For nearly two decades, David Blair has been sitting behind a desk in Eagle Mountain, Utah, working as a database administrator and programmer, his track and field career a distant memory.
That is, until last year, when the former Weber State athlete discovered he was Paralympic eligible. After 16 years away from the sport, he picked up a discus to find he “had a little snap left,” and threw a whopping 54.25 meters at his first meet back, good enough for fourth in the world at the time.
“When the opportunity presented itself now that I was at a different point in my life, my family was excited about it, and I thought it may be fun to try it again,” said Blair, 40, who was born with clubfoot. “Being able to throw that far in my first two-week period of training, I thought maybe it was worth trying to see what I could do with it.”
Six months later, Blair earned a silver medal at the 2015 IPC Athletics World Championships in Doha, Qatar, and in May he smashed the F44 discus world record with a phenomenal throw of 63.61 meters at an IPC Athletics Grand Prix in Mesa, Arizona.
The timing couldn’t have been any better, just two months before the U.S. Paralympic Team Trials.
And the message to two-time Paralympic champion Jeremy Campbell was clear.
Campbell has had a stronghold on the F44 discus class in the United States for the last decade, and internationally he has won the last two Paralympic Games and world championships. It was his previous world-record throw that Blair broke last month by 15 centimeters.
“I was there when he broke it and gave him a big hug,” Campbell said. “I wasn’t surprised at all. If anyone were to break it, I’m glad it was him.
“That’s what records are meant to be there for, to get broken and then get re-broken. That’s why I’ve found that in my career it’s easy to become No. 1, but it’s much more difficult to stay No. 1.”
Notice the 28-year-old Texan said “re-broken,” too.
Campbell, an amputee in his 10th season with the U.S. national team, is coming off a season-best throw of 61.29 meters at an IPC Athletics Grand Prix competition that also served as the Rio 2016 Paralympic test event.
He’s just hitting his stride in a sport which athletes are known to peak at around age 30.
“I’m completely confident where my training’s at, hitting these next few weeks going into the trials,” Campbell said. “This is going to be the most challenging Paralympic Games for me. The more people who are throwing far like that, the more it means the sport’s growing. It would be really cool to see two Americans on that podium.”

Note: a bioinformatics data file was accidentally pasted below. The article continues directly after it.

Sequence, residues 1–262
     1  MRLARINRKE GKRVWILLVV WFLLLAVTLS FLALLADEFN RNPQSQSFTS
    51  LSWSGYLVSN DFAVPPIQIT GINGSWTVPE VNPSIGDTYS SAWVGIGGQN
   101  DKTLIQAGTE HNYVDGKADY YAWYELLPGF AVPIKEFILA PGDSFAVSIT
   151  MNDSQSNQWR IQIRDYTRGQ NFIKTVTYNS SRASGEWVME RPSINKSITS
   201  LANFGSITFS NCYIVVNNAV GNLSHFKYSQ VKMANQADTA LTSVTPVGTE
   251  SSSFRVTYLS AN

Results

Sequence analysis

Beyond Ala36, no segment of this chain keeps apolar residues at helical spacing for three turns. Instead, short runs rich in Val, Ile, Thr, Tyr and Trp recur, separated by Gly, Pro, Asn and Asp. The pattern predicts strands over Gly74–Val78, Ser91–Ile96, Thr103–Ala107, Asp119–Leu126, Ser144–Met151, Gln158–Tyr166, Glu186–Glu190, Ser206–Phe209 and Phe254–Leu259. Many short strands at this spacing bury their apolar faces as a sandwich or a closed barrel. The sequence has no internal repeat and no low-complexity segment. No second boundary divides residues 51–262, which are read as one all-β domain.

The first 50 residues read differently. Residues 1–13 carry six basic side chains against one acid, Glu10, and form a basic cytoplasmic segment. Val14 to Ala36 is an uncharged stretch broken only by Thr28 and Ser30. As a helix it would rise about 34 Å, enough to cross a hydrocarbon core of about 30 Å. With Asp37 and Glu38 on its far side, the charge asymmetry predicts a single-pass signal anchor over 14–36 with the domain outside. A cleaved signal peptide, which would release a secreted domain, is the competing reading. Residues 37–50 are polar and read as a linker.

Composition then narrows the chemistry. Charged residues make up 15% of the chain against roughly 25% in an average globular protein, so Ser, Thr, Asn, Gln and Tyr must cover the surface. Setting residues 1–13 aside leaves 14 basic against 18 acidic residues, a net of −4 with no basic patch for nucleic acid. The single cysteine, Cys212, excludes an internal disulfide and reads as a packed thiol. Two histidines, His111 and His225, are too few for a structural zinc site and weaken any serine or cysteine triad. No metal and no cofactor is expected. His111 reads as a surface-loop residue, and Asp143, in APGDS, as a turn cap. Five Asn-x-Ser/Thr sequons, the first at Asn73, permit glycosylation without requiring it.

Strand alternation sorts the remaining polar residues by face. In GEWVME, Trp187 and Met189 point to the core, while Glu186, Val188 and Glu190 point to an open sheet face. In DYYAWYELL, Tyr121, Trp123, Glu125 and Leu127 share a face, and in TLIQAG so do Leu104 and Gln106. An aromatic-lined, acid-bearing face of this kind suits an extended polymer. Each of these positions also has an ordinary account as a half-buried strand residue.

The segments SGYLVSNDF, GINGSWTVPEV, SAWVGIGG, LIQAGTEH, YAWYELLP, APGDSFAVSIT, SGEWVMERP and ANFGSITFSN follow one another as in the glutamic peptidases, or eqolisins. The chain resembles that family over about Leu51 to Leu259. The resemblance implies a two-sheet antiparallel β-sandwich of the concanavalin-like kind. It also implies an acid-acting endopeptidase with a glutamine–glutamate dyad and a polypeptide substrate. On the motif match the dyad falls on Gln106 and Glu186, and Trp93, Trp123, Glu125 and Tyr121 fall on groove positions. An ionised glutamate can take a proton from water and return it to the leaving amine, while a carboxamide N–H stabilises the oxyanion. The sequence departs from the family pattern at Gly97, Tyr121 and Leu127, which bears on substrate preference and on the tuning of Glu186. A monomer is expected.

Heading into this Paralympic summer, Team USA has the world’s No. 1 and No. 2 ranked F44 discus throwers in Blair and Campbell, with Great Britain’s four-time Paralympic medalist Dan Greaves and Trinidad and Tobago’s first Parapan champion Akeem Stewart expected to give the American pair a run for their money.
“This is groundbreaking for U.S. Paralympics,” Campbell said. “Rio’s going to be big, and I expect nothing less. I think by the time it comes, everything’s going to be ready to rock and roll.”
Campbell is accustomed to the international pressures in the ring, but for Blair, the 1993 state discus champion in Utah, it’s still all new and overwhelming.
When he graduated college, Blair was just five meters short of where he needed to be to compete alongside able-bodied athletes at the U.S. Olympic Team Trials, and he was one of seven athletes nationwide invited to attend a camp at the Olympic Training Center in Colorado Springs, Colorado.
But because he had already had a wife and child, and the arthritis in his foot wasn’t getting better, he decided to call it quits.
The motions of throwing are like second nature to Blair, which is why his return to the ring has looked so graceful, but coming back hasn’t been so easy.
In fact, his second time back in the ring, Blair landed flat on his back while trying to throw the disc, his head colliding with the ground.
“The muscle memory was there, but it was shaky coming back,” Blair said. “The biggest thing has been trying to figure out how to fit the training into my schedule, as I work full-time, have a family that I come home to and do volunteer work with the scouts.”
Blair switched up his training regimen after last year’s world championships, where he pulled a pectoral muscle. His recent focus has been in the weight room — a place Campbell has made him look weak in.
“He’s a lot younger than I am, and a lot stronger than I am, too,” Blair said.
Blair, born with a club foot, isn’t able to recover as quickly between workouts as when he was younger, so it takes him a lot more time in the gym than his opponents.
“Remember, you’re 40,” Blair’s coach constantly reminds him. “You’re looking to be strong enough, but not Superman here in the weight room.”
Both Blair and Campbell are doing everything in training they can to better the other prior to the U.S. Paralympic Team Trials in Charlotte, North Carolina, on June 30, from throwing traffic cones to setting new benchmarks in the weight room.
It’s a constant back-and-forth of one eclipsing the other, their throws within just centimeters of each other.
And to think, summer’s just beginning.
“I felt very blessed to be able to throw far enough to break his world record, but I feel like we’re not done yet,” Blair said.
Stuart Lieberman covered Paralympic sports for three years at the International Paralympic Committee, including at the London 2012 and Sochi 2014 Games. He is a freelance contributor to TeamUSA.org on behalf of Red Line Editorial, Inc.